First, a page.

After the contributions of Husserlian phenomenologists in Europe and William James in the United States, there was a period of relative silence. Then, interest in consciousness came back again strongly in the 1970s. In an interview for an Italian radio programme, neuroscientist Francisco Varela defined this process as a sort of 'manic depressive cycle' (Varela 2001). He commented:
In the 70's the centre of the scientific interest was cognition and we were not allowed, and I repeat, allowed, to talk about consciousness. Consciousness was something mystical, of pertinence to the philosophers more than a scientific argument . . . and then suddenly was born what today is called the science of consciousness and it is very important to talk about it and to ask what part of our brain makes possible the existence of experience, the existence of a phenomenological world.8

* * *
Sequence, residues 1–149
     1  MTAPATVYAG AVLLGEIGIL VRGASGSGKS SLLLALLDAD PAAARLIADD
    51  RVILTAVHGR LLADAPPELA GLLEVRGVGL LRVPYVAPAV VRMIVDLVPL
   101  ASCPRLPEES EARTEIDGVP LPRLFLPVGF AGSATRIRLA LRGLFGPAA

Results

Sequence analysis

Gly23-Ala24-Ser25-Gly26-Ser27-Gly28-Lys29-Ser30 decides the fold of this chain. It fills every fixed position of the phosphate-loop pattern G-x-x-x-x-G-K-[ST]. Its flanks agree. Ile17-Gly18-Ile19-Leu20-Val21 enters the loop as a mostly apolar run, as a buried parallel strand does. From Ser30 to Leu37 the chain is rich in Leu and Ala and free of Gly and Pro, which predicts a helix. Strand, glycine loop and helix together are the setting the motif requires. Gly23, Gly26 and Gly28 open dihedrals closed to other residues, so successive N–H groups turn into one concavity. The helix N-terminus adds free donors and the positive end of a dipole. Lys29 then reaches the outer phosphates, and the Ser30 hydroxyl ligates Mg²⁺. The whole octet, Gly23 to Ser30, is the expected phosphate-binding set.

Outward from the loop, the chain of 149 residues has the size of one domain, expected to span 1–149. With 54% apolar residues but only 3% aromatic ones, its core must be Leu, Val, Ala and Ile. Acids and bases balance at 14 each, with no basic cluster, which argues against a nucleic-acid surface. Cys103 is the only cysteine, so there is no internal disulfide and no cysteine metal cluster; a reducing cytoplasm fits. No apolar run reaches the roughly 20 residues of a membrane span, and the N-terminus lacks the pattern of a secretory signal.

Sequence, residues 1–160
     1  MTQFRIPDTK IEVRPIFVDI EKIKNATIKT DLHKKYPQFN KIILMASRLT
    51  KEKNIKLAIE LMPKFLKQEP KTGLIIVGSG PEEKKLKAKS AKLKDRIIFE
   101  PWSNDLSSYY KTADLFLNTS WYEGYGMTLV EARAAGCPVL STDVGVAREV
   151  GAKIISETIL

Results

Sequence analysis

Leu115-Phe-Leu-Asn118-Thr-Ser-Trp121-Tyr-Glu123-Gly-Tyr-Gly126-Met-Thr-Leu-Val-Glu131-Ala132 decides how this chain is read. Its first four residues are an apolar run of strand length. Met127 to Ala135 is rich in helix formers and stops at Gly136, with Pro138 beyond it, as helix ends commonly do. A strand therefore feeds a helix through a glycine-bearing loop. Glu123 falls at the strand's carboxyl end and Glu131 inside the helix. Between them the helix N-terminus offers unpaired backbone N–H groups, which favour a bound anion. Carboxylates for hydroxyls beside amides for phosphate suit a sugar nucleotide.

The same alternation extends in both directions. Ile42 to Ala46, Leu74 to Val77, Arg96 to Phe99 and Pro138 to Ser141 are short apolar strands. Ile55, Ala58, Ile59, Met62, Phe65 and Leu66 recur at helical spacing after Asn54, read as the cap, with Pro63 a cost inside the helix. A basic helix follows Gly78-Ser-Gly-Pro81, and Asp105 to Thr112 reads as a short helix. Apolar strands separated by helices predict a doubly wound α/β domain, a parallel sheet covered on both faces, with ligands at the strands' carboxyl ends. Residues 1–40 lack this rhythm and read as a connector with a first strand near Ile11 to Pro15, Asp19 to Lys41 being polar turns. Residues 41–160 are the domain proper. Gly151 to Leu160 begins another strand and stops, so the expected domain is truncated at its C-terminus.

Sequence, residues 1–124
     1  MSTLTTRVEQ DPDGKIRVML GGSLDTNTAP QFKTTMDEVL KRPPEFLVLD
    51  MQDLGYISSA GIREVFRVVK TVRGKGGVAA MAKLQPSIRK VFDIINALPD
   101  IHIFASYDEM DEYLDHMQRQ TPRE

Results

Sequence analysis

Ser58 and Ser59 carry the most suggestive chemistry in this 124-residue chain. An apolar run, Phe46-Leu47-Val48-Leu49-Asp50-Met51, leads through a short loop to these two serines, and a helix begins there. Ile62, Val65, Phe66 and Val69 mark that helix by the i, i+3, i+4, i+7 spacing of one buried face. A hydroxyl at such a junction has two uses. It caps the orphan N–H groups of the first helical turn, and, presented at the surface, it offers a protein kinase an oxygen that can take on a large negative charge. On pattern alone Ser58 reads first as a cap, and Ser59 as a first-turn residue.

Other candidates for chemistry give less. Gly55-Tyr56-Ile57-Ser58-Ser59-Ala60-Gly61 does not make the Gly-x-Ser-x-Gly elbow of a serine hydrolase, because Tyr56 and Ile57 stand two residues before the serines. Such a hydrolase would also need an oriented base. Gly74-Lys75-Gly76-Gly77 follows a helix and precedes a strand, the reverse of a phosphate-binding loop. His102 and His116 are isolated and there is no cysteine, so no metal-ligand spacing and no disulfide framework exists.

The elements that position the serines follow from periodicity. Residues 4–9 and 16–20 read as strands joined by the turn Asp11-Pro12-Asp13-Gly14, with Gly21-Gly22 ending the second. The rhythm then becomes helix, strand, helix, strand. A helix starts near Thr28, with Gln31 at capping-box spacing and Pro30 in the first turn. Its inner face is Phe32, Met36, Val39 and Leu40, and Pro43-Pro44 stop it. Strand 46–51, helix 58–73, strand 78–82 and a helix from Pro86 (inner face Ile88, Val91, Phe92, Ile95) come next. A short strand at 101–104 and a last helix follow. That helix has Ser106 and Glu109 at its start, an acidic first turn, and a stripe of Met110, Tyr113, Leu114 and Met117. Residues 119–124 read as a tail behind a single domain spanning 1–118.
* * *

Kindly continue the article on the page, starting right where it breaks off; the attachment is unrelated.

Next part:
This renewed interest in the study of consciousness becomes very strong when we once again start asking 'What is it like to be a bat?', in the words of Thomas Nagel (1974), or right to the point 'What does it mean to be someone?', 'What does it mean to have an experience?', 'What is it like to be' a bat or a human being and how do things look when one is a bat or a human being? The 'what it is like to be' issue expresses, in other words, the subjective character of an experience. The fact that an organism has a 'conscious' experience means basically that there is some quality of being of that organism. As Nagel puts it, when we say that another organism is conscious, we mean that 'there is something it is like to be that organism . . . something it is like to be for the organism' (1974: 436); 'the essence of the belief that bats have experience is that there is something that is like to be a bat' (ibid.: 438).
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